AS we are approaching the middle of the year, it is interesting to review the progress (or otherwise) of the investment markets since January 1.

At the start of the year, the financial press is usually full of predictions from leading pundits of which investment sectors will be the best and worst performers over the next 12 months.

Opinions can differ greatly, which means that, if you read enough papers, the chances are you will find a recommendation in favour of just about every sector. Consequently, it is inevitable that at least one of the forecasts will turn out to be correct.

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The problem is that it’s all speculation and not a sensible basis on which most of us should be making investment decisions.

According to data from Financial Express, the two bestperforming investment sectors since January have been the IMA Sterling High Yield and UK Smaller Companies sectors. High yielding investments are fixed-income bonds paying an above-average rate of interest with the promise that capital will be returned in full at the end of the investment period.

The higher the yield, the less financially secure is the issuing company, hence a high rate of interest is required to compensate for the extra risk.

These bonds can be held to maturity or traded during their term and become more valuable as interest rates fall, and less valuable as interest rates rise.

As the name suggests, the UK Smaller Companies sector invests in UK-based companies which are relatively small in size as measured by their market capitalisation. It is considered that companies of this size can be more responsive to economic conditions.

It has also been demonstrated by academic research that smaller companies tend to produce returns which are in excess of those from the market as a whole, over the longer term. They also present greater risk to capital than do larger companies.

Although some pundits will have forecast correctly that these two sectors would perform relatively well (so far) this year, many did not and there is no way of knowing in advance how investments will perform. If there was, everyone would give the same forecast and everyone would get it right.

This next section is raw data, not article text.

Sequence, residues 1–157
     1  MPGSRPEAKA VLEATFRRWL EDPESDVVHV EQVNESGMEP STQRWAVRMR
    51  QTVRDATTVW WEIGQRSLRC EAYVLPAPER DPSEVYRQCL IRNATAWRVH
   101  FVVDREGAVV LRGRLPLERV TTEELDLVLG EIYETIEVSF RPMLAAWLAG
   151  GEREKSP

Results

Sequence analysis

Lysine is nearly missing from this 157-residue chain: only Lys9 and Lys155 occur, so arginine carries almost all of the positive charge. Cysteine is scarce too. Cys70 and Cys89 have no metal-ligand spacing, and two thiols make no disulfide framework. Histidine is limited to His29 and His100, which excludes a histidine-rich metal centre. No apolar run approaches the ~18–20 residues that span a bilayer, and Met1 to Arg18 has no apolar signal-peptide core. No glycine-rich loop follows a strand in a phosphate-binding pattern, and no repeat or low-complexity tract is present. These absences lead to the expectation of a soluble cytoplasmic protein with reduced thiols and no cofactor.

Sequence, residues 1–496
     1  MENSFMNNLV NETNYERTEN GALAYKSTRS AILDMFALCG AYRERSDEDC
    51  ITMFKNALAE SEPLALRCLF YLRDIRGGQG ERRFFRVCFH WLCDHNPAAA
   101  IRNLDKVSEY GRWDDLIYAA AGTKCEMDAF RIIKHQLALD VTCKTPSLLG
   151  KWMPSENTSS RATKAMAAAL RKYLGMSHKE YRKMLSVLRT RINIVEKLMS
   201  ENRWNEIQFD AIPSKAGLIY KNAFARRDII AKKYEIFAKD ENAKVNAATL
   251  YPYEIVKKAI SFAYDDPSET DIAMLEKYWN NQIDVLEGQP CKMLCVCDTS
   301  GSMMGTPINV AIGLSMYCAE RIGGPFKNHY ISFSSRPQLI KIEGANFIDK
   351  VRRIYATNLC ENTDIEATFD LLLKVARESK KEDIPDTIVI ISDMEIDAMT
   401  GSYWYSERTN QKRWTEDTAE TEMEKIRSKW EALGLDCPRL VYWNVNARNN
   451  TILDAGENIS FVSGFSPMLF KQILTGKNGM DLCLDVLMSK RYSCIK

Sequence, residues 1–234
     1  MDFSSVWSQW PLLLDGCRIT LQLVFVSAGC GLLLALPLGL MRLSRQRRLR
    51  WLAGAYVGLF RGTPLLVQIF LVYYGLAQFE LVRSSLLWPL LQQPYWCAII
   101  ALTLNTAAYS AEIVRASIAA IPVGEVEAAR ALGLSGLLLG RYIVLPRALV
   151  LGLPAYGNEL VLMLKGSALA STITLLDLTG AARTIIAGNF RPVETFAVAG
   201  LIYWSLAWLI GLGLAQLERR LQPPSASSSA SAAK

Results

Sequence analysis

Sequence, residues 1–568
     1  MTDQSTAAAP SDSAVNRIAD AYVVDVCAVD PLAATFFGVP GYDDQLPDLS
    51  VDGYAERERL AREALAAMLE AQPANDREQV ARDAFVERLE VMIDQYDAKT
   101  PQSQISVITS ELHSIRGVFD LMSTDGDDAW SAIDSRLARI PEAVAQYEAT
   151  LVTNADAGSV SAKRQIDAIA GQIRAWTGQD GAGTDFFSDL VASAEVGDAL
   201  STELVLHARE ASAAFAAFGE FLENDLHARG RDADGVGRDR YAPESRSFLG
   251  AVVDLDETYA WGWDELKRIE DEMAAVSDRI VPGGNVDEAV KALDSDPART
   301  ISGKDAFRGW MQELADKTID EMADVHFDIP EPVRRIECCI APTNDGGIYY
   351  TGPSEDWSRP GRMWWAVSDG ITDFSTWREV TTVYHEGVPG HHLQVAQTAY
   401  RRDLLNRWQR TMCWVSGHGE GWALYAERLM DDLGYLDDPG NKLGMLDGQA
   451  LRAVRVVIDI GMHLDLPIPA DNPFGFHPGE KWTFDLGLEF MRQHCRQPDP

Since there is no reliable way of forecasting which sectors will provide the best returns over any time period, the strategy of investing in a broadly diversified portfolio, compatible with your appetite for risk and ability to withstand loss, may prove to be the most sensible choice for longterm investment. Returns should be enhanced by regularly reviewing the portfolio and rebalancing to the original asset allocation as differential performance between the asset classes will always change it over time.

Basically, rebalancing involves taking the profits from whichever sector has done well and buying more of the sectors that have done less well, thus ensuring that you are reducing the holding in the good performer at a high point in its cycle and buying more in investments which are at a lower point in their investment cycle. There are now a number of multi-asset funds which have been set up to provide regular automatic rebalancing to make it easier to keep to the strategy.

There is a fund to meet most attitudes to risk, eg with asset mixes from 80 per cent low risk/20 per cent high risk to 20 per cent low risk/80 per cent high risk, and automatic rebalancing helps to ensure the portfolio remains at the chosen risk level.

This approach is well suited to a “passive” equity strategy, which brings the added benefits of low fund charges and eliminates the need to speculate to try to pick the next winning fund or stock.

Over the long term, this type of strategy should offer the best chance of a satisfactory outcome for most individual investors.

Before entering into any particular investment strategy, you should consult a suitably qualified and experienced independent financial advisor.

• Written by Nigel Bourke CFP, managing director of Stockton-based Mercury Wealth Management Ltd. Call 01642-670307 or go to